From Faridabad, India:
Recently, I heard about otelixizumab, that it could be effective in treating newly onset diabetes if administered during 90 days of the onset of the disease. While I know that I may or may not help my daughter, I want to know how can I help her in reduce her insulin dosage. She currently needs around 80 units of insulin per day and has put on a lot of weight in spite of exercising all types of controls and using proper insulin. Would otelixizumab be of any benefit to my daughter?
The drug you are asking about is one of the new experimental medications that may or may not help in the autoimmune attack that targets the beta cells of the pancreas in type 1 diabetes mellitus. It is unknown if it will work, what the short term or long term side effects are likely to be until more extensive testing occurs is properly run therapy trials.
If your daughter is overeating, then this may be the reason for higher doses of insulin being required as part of an insulin resistance pattern. The key would be accurate dietary records and direct observation plus working with a skilled diabetes team including a nutritionist on these issues. A review of blood glucose levels and A1c results would also answer the question of appropriate insulin management. Checking thyroid function would be sure to help decide if subtle hypothyroidism was related to unexpected weight gain but this is rather rare without lots of other signs and symptoms at the same time.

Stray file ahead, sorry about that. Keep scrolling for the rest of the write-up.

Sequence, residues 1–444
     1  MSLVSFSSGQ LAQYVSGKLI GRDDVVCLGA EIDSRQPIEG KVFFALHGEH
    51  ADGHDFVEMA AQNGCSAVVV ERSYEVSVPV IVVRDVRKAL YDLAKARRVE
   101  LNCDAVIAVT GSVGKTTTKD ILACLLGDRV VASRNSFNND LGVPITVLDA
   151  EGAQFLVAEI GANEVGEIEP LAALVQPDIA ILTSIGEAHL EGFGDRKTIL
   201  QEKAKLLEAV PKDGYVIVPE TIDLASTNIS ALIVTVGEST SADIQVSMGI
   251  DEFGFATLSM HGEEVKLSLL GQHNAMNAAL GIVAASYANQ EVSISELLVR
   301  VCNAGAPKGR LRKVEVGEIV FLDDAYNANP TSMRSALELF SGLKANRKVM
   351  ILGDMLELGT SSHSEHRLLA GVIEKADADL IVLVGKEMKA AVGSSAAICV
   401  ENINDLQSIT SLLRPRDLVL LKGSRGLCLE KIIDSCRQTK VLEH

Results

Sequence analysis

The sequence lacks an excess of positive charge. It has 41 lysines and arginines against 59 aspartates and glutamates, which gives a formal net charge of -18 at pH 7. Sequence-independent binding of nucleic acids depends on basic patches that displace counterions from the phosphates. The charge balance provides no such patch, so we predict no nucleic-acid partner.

Original posting 8 Jun 2010
Posted to Other Medications
|Return to the Top of This Page|
Last Updated: (none)
This Internet site provides information of a general nature and is designed for educational purposes only. If you have any concerns about your own health or the health of your child, you should always consult with a physician or other health care professional.
This site is published by T-1 Today, Inc. (d/b/a Children with Diabetes), a 501c3 not-for-profit organization, which is responsible for its contents. Our mission is to provide education and support to families living with type 1 diabetes.
© Children with Diabetes, Inc. 1995-2018. Comments and Feedback.